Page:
Ground Truth

Improving humanitarian action by making people the focus of program design and performance.

Ground Truth: completing the cycle of accountability in humanitarian operations

Ground Truth

Context

Triggered by natural disasters, pandemics, food insecurity, and population displacement, international development assistance destined for humanitarian interventions almost doubled from $6.7 billion in 2000 to an estimated $12.4 billion in 2010, according to the 2011 Global Humanitarian Assistance report. While demands grow exponentially and donors worry about impact, questions are increasingly asked about how those at the receiving end of humanitarian assistance perceive efforts undertaken on their behalf.

The short answer is ‘we don’t know’. Humanitarian agencies talk a lot about the importance of listening to beneficiaries but make little effort to act on what beneficiaries say. This is the challenge that the Ground Truth program is designed to address: completing the cycle of accountability in humanitarian programs by bridging the gap between listening and taking action.

Importance, potential impact

This program holds the promise of emancipating the ‘beneficiaries’ of humanitarian aid who, for too long, have been the silent recipients of what is often inadequate and inappropriate support.  It will do so by introducing two innovative tools which complement the work of other groups working on quality and accountability in the humanitarian space and enhance the effectiveness of humanitarian operations by improving the way programs are planned and implemented.

•    The first tool is a light-touch approach to gathering beneficiary feedback that yields data that is accurate and comparable, and can be translated into program design and performance management with relative ease—a significant advance on the way feedback data is currently collected and the use to which it is put.

•    The second is a published index that will track and compare the performance of different aid agencies, based on the perceptions of  ‘beneficiaries’, thus acting as a guide to donor support and encouraging aid providers to try new, more effective approaches to humanitarian interventions that standard evaluations struggle to catalyze on their own.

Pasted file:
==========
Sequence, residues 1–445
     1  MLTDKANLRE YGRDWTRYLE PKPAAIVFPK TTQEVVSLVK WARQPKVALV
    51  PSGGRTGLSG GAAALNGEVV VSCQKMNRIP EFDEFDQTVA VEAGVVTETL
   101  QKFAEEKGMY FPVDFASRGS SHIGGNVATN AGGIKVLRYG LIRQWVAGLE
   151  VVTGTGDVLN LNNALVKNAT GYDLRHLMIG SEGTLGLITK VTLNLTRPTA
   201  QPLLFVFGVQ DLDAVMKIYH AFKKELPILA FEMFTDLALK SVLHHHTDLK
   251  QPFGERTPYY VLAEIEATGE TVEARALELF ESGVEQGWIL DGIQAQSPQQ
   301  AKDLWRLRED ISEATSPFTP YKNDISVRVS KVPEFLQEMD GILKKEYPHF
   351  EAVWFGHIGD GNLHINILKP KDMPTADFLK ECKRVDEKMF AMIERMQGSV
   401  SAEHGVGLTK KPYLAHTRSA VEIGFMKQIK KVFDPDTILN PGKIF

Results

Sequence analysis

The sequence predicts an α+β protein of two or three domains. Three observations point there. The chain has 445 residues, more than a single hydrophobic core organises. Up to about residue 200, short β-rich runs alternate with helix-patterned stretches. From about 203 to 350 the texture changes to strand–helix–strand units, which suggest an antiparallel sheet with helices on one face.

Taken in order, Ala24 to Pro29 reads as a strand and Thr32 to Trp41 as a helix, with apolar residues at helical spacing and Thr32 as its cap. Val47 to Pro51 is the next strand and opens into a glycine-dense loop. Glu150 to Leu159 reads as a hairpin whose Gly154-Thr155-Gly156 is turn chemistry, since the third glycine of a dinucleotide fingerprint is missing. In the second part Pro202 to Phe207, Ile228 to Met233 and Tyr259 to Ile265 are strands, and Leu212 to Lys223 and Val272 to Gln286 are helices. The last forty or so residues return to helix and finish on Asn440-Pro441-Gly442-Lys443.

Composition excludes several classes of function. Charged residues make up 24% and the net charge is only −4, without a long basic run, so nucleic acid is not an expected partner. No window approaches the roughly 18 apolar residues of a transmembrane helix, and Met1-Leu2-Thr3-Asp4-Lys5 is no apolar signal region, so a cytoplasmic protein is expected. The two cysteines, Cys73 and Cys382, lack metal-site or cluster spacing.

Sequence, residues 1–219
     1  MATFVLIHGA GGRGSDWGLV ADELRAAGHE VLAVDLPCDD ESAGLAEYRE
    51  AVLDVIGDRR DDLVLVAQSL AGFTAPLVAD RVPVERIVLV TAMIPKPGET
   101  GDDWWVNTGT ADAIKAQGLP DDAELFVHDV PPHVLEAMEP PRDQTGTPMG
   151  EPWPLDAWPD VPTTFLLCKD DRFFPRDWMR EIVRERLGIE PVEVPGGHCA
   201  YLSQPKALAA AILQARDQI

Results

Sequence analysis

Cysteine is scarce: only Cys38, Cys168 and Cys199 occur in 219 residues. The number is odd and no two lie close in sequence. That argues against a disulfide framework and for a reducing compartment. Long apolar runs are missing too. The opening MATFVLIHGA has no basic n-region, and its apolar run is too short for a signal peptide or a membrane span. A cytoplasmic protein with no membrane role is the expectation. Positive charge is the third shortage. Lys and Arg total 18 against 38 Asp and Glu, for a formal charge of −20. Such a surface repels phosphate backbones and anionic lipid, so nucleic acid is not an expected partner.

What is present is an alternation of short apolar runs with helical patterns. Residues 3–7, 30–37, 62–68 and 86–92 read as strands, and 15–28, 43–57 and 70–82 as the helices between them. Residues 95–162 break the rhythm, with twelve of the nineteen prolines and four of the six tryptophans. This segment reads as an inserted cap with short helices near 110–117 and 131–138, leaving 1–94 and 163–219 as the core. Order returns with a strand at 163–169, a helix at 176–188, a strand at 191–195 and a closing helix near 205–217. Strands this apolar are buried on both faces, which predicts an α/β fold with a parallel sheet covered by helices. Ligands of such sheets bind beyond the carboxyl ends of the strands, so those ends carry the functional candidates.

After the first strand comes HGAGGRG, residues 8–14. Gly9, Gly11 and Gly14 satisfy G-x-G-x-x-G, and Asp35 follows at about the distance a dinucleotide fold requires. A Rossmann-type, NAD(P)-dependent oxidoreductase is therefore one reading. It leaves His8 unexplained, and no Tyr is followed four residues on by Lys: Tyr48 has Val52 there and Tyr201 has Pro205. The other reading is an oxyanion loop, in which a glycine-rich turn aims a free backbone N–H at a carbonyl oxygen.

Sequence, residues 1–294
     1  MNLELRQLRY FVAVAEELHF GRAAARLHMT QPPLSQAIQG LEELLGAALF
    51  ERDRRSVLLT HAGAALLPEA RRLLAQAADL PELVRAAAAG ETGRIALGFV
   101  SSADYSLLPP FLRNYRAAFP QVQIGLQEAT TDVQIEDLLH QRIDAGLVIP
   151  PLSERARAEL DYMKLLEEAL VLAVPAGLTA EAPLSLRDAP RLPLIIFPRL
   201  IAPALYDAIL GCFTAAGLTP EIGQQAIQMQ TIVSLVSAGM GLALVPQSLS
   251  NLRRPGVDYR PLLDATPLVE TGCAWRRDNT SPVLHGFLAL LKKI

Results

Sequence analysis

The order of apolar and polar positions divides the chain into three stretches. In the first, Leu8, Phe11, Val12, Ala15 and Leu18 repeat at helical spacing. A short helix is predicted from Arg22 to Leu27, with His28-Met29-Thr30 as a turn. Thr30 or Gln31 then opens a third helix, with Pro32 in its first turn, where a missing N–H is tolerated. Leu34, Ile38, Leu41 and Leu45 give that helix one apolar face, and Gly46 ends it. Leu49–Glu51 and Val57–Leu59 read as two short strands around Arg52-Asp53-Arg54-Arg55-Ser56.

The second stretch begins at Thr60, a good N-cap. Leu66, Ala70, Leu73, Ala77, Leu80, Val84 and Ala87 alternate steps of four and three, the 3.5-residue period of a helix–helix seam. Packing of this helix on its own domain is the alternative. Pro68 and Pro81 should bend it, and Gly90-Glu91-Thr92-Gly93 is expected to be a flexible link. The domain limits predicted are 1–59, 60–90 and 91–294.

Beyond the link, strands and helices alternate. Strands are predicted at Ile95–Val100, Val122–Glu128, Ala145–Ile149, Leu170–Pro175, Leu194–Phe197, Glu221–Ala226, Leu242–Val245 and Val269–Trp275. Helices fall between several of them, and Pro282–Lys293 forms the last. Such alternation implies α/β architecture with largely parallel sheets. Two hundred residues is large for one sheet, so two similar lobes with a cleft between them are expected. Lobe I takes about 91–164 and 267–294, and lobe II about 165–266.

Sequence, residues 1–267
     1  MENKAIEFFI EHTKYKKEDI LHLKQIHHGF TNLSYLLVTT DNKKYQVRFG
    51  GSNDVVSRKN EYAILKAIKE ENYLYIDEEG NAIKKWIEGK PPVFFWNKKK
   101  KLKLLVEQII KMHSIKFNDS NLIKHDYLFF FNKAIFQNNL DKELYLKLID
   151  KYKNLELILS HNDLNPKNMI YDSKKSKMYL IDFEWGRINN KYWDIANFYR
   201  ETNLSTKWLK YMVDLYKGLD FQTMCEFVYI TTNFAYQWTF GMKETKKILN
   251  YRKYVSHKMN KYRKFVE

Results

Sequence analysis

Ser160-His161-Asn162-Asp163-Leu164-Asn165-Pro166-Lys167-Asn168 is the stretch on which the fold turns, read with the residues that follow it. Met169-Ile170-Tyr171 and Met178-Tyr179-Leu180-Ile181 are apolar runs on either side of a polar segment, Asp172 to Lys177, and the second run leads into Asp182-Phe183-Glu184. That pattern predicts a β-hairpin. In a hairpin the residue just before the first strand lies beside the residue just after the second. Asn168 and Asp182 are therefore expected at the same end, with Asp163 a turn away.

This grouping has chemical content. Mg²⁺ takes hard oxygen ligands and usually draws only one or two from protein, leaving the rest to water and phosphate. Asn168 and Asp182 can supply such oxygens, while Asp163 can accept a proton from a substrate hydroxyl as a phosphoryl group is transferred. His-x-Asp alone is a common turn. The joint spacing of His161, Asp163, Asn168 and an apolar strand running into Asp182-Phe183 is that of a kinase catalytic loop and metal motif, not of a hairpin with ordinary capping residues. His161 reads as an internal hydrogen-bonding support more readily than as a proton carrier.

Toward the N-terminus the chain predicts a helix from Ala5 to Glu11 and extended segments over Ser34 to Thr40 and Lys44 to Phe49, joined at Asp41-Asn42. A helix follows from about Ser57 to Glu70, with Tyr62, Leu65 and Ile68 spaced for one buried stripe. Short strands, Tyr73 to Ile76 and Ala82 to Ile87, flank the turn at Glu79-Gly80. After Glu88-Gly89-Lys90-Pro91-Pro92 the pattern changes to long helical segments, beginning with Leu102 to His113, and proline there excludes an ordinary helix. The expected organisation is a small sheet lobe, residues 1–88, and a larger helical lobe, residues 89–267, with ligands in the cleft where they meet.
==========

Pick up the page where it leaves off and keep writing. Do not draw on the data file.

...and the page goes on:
By offering humanitarian agencies a new survey methodology and an instrument of accountability that makes beneficiaries the 'unit of account' of humanitarian action, Ground Truth will encourage agencies to move away from a management focus on outputs toward outcomes for beneficiaries. Both the approach and methodology are rooted in real-time learning and performance improvement. And while it will contribute to accountability and evaluation, at its core the program is about more effective humanitarian interventions.

Outputs/outcomes

The outputs are a new, more actionable feedback methodology and, based on the data yielded by this methodology, an index of comparative humanitarian performance that reinforces accountability to both beneficiaries and the aid providing public.

With the design of these tools complete, other specialized groups (notably humanitarian standard setters and capacity builders) will be better able to support humanitarian organizations in developing strategies that reflect the perceptions of their beneficiaries. By adding an external, independent set of benchmarks, Ground Truth will stimulate demand for their standards and services.

Ground Truth’s key outcome will thus be to bridge the gap between listening to beneficiaries and taking action of what they say. This will help ensure that the perceptions and insights of beneficiaries become a central element in the design and management of humanitarian operations. This will lead to more effective and efficient aid programs and, as a corollary, to reduced human suffering and anguish.

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